A Spaniard and friar of the Order of Saint Francis, he was granted a doctorate, held the Duns Scotus chair of philosophy at the Lullian University, and was a popular preacher. But at age 36 he decided to go to the Americas on mission, and spent years in the Sierra Madre and Mexico City.
In 1768 the Jesuit Order was forcibly suppressed, and Fr. Serra was temporarily put in charge of their missions in Baja (lower) California. In 1769 he commenced to found the famous series of missions in Alta (upper) California, which contains the region of the modern State of California.
Serra lived his life according the charism of the Founder of the Franciscans, living a life of poverty, holiness, and constant preaching of the Gospel.
Blessed Junipero found himself often at odds with the Spanish government and military, where new ideas were taking hold. The idea that the Indians could or ought to live together peacefully, looking out after themselves and each other in little ordered communities soon became unthinkable. The world now sees these Indians as being either inferior races or oppressed classes, while Serra knew them to be fallible human beings made in the image and likeness of God with an immortal soul that needs saving, no different than anyone else. The secularist revolutions in Mexico suppressed the missions, and the surviving Indians were eventually reduced to the equivalent of slave labor.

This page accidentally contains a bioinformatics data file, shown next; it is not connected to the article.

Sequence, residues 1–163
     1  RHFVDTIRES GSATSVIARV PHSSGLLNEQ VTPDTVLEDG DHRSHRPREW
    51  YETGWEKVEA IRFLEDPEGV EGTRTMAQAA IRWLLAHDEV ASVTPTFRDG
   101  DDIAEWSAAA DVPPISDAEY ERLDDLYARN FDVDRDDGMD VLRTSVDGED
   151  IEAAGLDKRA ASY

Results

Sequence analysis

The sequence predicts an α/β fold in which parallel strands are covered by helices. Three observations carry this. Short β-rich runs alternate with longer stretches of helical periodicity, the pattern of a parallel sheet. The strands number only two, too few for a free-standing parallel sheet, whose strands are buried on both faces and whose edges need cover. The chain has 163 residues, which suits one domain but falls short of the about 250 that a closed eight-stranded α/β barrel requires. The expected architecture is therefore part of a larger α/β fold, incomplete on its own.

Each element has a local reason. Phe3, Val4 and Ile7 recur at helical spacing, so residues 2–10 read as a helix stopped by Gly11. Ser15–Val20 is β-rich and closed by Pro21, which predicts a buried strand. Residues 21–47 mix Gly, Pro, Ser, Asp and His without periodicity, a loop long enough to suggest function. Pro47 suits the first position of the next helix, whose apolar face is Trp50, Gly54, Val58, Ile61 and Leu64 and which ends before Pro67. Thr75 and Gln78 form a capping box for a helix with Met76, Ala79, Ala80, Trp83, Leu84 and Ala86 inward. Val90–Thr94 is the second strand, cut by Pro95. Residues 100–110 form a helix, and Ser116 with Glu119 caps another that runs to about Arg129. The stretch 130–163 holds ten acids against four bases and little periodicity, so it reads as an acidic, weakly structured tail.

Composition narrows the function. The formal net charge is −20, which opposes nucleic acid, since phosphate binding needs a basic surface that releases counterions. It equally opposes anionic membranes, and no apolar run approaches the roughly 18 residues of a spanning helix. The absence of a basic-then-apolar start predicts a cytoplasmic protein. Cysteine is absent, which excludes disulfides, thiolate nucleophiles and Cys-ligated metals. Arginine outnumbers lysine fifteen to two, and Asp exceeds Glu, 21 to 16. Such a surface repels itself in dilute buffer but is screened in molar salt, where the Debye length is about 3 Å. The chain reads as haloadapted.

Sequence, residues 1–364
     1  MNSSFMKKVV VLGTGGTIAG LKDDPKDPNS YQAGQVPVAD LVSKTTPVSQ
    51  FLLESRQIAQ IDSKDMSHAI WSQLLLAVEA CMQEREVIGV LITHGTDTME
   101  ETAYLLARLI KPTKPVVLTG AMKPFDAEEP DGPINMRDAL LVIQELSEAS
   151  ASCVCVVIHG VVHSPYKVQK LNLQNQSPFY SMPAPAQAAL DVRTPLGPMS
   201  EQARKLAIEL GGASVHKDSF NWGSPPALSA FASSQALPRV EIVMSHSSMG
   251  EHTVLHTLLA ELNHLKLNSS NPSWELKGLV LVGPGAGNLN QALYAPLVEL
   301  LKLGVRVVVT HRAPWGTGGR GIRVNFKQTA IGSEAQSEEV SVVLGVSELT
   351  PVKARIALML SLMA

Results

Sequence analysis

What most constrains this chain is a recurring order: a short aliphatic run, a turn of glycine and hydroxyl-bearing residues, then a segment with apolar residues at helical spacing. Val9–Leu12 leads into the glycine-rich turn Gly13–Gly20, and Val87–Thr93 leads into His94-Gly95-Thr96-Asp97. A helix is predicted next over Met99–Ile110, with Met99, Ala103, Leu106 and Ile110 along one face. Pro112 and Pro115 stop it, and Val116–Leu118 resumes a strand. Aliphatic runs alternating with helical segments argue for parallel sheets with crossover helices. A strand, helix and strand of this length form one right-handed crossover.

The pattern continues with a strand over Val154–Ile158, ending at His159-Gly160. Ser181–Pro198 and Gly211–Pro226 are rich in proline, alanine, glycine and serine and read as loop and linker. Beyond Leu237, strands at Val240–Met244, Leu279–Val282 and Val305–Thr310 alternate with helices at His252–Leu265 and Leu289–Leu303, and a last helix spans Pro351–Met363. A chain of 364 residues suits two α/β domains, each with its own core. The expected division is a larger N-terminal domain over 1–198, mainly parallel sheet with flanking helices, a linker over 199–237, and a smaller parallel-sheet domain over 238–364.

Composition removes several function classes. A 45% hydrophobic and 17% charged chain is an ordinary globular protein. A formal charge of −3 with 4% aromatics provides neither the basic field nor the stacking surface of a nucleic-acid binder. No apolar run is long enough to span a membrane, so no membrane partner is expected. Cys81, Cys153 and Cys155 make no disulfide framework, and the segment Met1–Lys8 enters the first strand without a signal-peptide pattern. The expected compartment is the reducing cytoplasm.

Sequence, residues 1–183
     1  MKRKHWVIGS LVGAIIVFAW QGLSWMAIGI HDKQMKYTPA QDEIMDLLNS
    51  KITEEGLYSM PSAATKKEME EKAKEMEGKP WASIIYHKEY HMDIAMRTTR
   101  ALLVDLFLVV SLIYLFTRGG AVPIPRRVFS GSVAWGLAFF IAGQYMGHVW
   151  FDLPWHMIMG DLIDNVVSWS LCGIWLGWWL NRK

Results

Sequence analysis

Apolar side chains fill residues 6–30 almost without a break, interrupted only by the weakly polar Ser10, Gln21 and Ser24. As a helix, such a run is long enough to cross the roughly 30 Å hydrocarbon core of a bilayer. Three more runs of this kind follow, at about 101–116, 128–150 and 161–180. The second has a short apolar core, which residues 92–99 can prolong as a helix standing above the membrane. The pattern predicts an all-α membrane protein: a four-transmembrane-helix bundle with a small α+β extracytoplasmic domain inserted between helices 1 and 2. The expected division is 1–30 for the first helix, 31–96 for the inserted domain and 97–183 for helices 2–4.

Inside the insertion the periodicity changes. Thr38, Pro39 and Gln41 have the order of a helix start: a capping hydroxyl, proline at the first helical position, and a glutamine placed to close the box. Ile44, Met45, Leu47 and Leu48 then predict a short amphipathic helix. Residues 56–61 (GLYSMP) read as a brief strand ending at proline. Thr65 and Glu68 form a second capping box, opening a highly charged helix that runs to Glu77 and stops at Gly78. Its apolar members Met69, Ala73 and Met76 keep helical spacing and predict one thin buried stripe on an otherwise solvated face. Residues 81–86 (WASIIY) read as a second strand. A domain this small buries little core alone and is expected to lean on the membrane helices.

A century later, the United States was in control of the region, and the rapid expansion of the population westward put Americans in contact with the remains of Serra's missions. These captured the imagination of the new Californians, who soon restored and venerated these shrines. The subsequent blending of Spanish and American culture is quite remarkable, and is apparent in the ‘California Mission’ style of architecture which continues to this day.
California is holy ground. Names of Saints fill its map, and the sacred history of the state is beloved by many.
I spent my college years in California in the County of Our Lady, Queen of the Angels — Los Angeles — but sadly seeing the missions was never my priority. Many years later I did manage to visit a number of these missions, but only managed to take a few, poor photographs.
Mission San Rafael Arcangel, in San Rafael, California.